You might think it is enough to tell your loved ones what you would like them to inherit from you, but your statements alone are not enough, and here is why:
The Dead Man’s Statute, RCW 5.60.030, is designed to prevent interested parties from testifying against the decedent’s estate about interactions they had with the deceased person. The rationale behind this rule is that “since a decedent’s lips are sealed by death, a survivor’s lips are sealed by law.” In essence this rule disables somebody from going to court and saying “Hey, this dead guy told me he wanted me to inherit his car and all his diamonds!” There are three elements to this statute that have to be present in the facts at hand in order for this rule to apply: 1) interested party, 2) testimony, and 3) transaction.
What classifies an ‘interested party’ you might ask? In short, an interested party is anybody who stands to gain or lose as a result of the litigation. For example, the daughter of a deceased mother cannot testify in court that her mother told her she could inherit her vintage engagement ring. However, her friend could testify because the friend presumably has nothing to lose or gain from the outcome of the case. To expand on this definition, the individual will only be characterized as ‘interested’ if his or her interest is “present, certain, and vested at the time of trial.” A classic example of this was in Adams Marine Service Inc., when a man who previously owned stock that could have been affected by the outcome of the case was found not to be an interested party because he sold the stock before the trial commenced. Adams Marine Service Inc. v. Fishel, 42 Wash. 2d 555, 257 P.2d 203 (1953).
The second element of the Dead Man’s Statute is that only evidence presented in the form of testimony is prohibited. Therefore, the statute does not apply to documents of any sort, unless of course the written document is a replacement for a live testimony, such as an affidavit. Any documents written or executed by the deceased will most likely be admitted as evidence.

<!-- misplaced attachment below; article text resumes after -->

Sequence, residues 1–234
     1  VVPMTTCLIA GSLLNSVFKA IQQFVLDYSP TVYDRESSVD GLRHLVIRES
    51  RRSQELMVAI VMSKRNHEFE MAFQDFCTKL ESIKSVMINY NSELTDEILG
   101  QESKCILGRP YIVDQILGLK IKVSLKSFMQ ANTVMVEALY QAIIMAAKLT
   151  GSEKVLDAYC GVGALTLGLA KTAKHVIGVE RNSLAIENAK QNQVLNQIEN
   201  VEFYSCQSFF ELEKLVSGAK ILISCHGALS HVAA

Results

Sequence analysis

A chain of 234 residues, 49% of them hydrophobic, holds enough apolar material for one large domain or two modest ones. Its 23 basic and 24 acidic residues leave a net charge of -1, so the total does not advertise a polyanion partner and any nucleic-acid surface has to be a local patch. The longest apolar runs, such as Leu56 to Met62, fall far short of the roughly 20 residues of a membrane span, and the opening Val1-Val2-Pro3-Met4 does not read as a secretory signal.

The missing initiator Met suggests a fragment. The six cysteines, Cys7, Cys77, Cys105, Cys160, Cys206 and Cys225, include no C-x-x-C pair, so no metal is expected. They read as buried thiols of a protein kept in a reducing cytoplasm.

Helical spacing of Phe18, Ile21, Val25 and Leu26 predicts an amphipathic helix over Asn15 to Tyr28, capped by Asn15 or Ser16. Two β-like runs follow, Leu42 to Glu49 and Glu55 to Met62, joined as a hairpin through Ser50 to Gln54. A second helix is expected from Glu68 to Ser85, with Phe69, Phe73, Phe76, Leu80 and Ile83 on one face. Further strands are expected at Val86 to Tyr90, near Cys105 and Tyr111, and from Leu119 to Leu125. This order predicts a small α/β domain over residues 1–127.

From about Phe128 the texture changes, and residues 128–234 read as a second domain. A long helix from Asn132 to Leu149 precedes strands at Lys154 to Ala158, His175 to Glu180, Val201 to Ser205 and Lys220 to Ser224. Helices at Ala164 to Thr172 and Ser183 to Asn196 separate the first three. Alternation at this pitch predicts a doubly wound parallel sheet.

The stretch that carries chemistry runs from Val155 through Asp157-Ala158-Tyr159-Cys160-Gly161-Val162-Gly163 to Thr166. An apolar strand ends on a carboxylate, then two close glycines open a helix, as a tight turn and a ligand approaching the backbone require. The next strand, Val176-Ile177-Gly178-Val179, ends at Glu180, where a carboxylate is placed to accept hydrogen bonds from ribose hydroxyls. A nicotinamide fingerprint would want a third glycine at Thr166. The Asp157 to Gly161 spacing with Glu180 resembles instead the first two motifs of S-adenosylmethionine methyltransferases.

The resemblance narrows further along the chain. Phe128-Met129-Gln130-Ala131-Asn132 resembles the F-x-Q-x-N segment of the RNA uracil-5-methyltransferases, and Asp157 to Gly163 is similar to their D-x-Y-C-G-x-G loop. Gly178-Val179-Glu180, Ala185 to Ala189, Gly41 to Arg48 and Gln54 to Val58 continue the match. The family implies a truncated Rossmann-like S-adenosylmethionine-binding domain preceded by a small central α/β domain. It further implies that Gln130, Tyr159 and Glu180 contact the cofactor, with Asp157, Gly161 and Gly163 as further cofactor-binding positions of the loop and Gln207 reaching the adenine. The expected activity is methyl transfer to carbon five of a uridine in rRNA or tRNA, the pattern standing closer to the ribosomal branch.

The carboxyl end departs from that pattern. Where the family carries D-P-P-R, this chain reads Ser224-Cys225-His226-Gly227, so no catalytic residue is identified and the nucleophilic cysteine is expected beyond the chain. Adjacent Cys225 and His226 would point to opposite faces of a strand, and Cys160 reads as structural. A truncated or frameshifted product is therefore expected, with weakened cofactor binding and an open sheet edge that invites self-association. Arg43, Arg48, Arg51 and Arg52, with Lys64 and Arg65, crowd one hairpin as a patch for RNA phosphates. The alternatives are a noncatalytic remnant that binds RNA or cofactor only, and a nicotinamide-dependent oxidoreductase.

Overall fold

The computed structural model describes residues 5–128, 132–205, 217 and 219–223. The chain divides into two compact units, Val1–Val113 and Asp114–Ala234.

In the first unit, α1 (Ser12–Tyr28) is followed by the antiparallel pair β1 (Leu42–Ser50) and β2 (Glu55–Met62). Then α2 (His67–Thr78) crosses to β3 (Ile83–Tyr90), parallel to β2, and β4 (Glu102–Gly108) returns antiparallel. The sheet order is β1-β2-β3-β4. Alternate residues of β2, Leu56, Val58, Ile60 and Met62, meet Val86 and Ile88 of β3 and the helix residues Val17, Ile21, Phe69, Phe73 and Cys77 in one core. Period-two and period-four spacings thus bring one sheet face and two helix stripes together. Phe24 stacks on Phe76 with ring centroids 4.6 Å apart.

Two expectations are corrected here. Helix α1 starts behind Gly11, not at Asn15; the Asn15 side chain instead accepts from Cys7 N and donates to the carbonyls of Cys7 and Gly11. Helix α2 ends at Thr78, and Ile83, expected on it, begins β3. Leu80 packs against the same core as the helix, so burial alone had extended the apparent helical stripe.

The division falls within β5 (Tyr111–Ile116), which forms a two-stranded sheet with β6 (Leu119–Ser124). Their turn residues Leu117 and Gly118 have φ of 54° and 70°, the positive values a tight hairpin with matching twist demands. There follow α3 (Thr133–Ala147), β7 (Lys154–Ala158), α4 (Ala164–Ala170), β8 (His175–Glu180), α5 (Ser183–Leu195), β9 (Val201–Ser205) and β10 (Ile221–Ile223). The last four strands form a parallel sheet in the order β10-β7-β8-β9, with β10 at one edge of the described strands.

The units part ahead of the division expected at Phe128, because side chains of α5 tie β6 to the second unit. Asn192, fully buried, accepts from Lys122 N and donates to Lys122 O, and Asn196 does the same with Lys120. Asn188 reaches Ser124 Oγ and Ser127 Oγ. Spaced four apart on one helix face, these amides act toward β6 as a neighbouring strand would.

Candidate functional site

The final element of the Dead Man’s Statute involves what is called a “test of transaction.” The basic premise behind this test is whether the decedent, if still alive, could contradict the witness with his or her own knowledge. Therefore, statements of fact will usually not be accepted, but a witness’s feelings or impressions are generally allowed because it would be very difficult to successfully contradict somebody’s own feelings.
Given the stringent nature of the Dead Man’s Statute, it is imperative to create an estate a plan regardless of your financial worth or age. Without one, the State dictates the distribution of your estate, and all too often deserving family members are left empty-handed. It is not enough to tell your loved ones what you want them to have from your estate. It is advised to consult a professional when handling your estate and creating a will so that your wishes are fulfilled when you are no longer in control of your personal affairs.
This is not intended to be considered legal advice, and if you have specific questions you should talk to an estate planning attorney.
Larissa Chan has been an attorney with Reed Longyear for three years now. She focuses her practice on personal and estate planning, trust administration and probate. You can contact her at (206) 624-6271 or via email at firstname.lastname@example.org.